A player’s skill can be broken down into three areas: mechanical, strategic and psychological skill. Many players build up a decent level of strategic skill by watching VODs and replays. However, what most end up ignoring is their mechanical skill set. Players just don’t pay enough attention to it because they do not believe it is important.
In this StarCraft II strategy article, Bryan “nirvAnA” Choo — the World Cyber Games 2011 Starcraft II Singapore champion — aims to show how important mechanical skill is, and gives some basic guidelines and strategies to improve on it.
The basics of mechanical skill
Mechanics in Starcraft II is defined as the non-strategic mechanical aspects of a player’s game. This skill set is best developed through hours and hours of practice and, over time, you will naturally become good at it. However, there are a few simple exercises specifically aimed at developing your mechanics which you can use to massively reduce the time needed to develop them! There are two key components to improving this skillset:
- Mastering the game control interface for maximum efficiency and speed
- Mastering the art of macro
Mastering the Control Interface
A large component of mechanical skill is the efficiency and speed at which you perform actions, as well as how cleanly you do them (clean meaning no redundant actions). An example is the use of hotkeys for faster production. If your goal is to build probes, a player with poor mechanics would:
- click on his minimap
- click on his nexus
- use his mouse to click on the build probe icon
This takes up a total of three actions and uses up a lot of “inefficient” time. A player who understands the control interface well will already have hotkeyed his nexus, so this player would:
- instantly select the nexus by pressing the hotkey while anywhere on the map
- use his keyboard hand to press the build probe shortcut key
This takes up less actions and ultimately accomplishes the same task in far less time.
So, the first exercise would be to start using hotkeys! Use at least 5 hotkeys per game and slowly add more at a comfortable rate. A hotkey can be created by pressing “CRLT + #” where # is any number from 0 to 9. Pressing 1 for e.g later will recall the unit you have hotkeyed before.
Mastering the art of macro
After mastering the control interface, you should next work towards mastering macro. Good macro refers to your ability to constantly make workers throughout the game and keeping your resources low by constantly producing units. Mechanics can also refer to more detailed interval actions like constant larvae injection with Queens, Creep Tumor Spreading and efficient chronoboosting and always building enough supply so you don’t get supply blocked. Your macro ability of course goes hand in hand with mastering the control interface and the faster and most efficient your actions are, the better your macro will be.
The first exercise for Terrans and Protoss players is to make more workers, with the hotkey method you have learnt about. Aim to get at the very least 16 workers mining PER mineral base (two workers per patch) and if you plan to expand, build surplus units so you can transfer them over to your new base.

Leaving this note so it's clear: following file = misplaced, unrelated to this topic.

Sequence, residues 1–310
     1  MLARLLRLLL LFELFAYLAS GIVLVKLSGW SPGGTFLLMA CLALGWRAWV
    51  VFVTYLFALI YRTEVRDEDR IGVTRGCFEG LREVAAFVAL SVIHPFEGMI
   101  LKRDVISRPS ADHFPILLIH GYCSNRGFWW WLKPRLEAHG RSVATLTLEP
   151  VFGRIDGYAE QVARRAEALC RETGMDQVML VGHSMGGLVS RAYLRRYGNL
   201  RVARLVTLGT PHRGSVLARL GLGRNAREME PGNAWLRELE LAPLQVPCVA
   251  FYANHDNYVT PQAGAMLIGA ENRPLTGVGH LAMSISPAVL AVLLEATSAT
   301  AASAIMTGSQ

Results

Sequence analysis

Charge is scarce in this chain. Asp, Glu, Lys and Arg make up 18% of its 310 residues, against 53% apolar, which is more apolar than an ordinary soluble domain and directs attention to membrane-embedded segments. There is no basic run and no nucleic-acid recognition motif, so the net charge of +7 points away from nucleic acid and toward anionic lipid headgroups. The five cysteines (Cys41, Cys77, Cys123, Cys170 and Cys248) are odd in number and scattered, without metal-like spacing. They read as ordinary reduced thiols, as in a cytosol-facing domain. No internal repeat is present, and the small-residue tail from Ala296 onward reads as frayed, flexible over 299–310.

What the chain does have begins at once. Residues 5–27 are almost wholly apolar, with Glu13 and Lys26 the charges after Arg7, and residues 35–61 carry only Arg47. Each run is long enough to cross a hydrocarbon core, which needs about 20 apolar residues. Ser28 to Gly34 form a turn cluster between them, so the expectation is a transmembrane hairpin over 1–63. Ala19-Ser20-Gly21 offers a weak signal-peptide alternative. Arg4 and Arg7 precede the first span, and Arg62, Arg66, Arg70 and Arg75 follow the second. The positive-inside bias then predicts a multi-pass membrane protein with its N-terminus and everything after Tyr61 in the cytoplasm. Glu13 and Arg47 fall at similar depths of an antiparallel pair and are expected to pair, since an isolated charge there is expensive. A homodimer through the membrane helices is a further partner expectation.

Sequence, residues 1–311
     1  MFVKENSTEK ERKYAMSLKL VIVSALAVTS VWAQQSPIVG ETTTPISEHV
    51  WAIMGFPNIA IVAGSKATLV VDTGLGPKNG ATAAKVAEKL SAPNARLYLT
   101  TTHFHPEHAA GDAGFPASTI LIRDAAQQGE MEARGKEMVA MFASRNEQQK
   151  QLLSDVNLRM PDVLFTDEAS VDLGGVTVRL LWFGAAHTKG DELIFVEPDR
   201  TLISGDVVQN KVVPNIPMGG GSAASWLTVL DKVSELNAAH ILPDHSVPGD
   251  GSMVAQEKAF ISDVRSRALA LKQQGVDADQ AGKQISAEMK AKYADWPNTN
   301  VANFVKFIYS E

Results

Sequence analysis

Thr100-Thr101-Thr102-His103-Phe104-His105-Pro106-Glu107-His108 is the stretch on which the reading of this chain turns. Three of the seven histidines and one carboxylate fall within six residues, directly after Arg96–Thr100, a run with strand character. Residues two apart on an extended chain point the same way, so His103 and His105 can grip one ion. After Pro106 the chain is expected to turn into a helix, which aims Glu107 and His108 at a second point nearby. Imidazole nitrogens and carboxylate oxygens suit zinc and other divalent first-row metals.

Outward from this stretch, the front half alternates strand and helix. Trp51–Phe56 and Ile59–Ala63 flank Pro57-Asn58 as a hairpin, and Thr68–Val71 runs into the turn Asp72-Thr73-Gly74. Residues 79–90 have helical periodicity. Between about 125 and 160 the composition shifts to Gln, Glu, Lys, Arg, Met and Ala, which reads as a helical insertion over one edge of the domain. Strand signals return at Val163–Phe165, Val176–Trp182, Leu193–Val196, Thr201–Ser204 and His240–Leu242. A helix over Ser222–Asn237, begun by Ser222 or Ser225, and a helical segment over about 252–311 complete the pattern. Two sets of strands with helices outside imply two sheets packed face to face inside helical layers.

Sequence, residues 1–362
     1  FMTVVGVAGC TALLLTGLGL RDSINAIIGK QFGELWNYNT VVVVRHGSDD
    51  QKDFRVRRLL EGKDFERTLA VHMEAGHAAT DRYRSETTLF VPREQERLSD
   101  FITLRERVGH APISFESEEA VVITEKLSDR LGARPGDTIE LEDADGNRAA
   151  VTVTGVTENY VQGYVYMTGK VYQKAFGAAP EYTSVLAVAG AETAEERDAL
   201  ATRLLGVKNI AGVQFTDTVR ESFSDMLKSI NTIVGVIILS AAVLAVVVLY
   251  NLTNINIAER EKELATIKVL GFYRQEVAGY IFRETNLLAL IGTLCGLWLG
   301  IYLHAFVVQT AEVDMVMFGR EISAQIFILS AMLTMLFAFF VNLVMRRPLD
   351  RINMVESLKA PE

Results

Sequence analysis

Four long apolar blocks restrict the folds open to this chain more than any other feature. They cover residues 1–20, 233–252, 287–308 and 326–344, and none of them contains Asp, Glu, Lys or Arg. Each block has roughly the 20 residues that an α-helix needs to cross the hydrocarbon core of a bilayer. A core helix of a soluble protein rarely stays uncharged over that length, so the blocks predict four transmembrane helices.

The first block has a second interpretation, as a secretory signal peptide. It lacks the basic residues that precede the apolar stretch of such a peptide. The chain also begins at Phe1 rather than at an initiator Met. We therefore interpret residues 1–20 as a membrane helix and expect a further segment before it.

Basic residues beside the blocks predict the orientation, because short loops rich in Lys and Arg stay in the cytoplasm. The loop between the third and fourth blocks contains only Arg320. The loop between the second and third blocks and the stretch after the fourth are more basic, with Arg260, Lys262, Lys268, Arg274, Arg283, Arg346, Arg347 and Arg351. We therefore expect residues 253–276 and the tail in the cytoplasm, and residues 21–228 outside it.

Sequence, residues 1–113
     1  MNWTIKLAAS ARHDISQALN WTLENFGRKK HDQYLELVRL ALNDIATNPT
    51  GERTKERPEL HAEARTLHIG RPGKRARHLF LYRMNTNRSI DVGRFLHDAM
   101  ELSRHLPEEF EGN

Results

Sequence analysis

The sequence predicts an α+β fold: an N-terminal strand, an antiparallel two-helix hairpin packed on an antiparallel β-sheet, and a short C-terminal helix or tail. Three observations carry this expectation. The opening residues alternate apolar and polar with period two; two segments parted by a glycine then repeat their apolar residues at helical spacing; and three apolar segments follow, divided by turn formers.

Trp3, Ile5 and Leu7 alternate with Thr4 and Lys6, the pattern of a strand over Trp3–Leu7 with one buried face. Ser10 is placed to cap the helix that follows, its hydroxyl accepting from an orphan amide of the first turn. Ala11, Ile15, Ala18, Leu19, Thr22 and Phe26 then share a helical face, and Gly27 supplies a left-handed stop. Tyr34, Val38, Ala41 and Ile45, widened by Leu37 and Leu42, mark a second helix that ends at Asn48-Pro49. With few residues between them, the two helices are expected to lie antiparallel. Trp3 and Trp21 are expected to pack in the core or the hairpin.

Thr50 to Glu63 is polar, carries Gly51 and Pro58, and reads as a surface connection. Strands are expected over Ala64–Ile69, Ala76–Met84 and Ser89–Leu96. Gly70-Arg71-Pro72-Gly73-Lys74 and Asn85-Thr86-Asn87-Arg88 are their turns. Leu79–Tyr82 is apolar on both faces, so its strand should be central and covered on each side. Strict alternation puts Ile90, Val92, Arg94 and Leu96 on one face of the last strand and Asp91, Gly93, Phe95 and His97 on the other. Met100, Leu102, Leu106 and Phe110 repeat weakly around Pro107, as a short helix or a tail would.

Mechanics are so important because if everyone had equal strategic knowledge, it would be the main component that separated player skill. Imagine how terrible it will be if you did not use “F” the keyboard shortcut key for forcefields and had to use your mouse to click on the spell and basically play starcraft handicapped like a one arm warrior. Now imagine if you knew the forcefield hotkey and could always get your forcefields down 1-2 seconds ahead of your opponent as he didn’t know how to use shortcut keys!
Although this example is slightly exaggerated, in a nutshell, that is basically the importance of having better mechanics. You’ll want to make use of every little edge you can find that allows you to do stuff faster/cleaner than your opponent to gain you an advantage. Over time, these small little edges snowball into something bigger and you end up with more units produced, a faster tech, etc. And, generally, the longer the game drags on, the more this effect compounds and the more you will be rewarded for having good mechanics.
Never underestimate the importance of mechanics
As a long-time gamer myself, I’ve had several friends both casual/hardcore gamers alike who have played other RTS games but were new to Starcraft 2. An interesting thing I observed was after their placement matches was that it was common to see them end up in at least Gold or Platinum. Even though they had absolutely zero strategic knowledge as they were new to the game, their mechanical skillset was already well developed from playing past similar games and it was this mechanical skillset alone that carried them to those leagues. Morale of the story is — Never forget how important mechanics are!
This article was contributed by Bryan “nirvAnA” Choo, WCG 2011 Singapore StarCraft II Champion, for nogamenotalk.com. You can read more articles and learn more ways to improve your game by checking out the Starcraft II guide he wrote with mOOnGLaDe & OxygeN.
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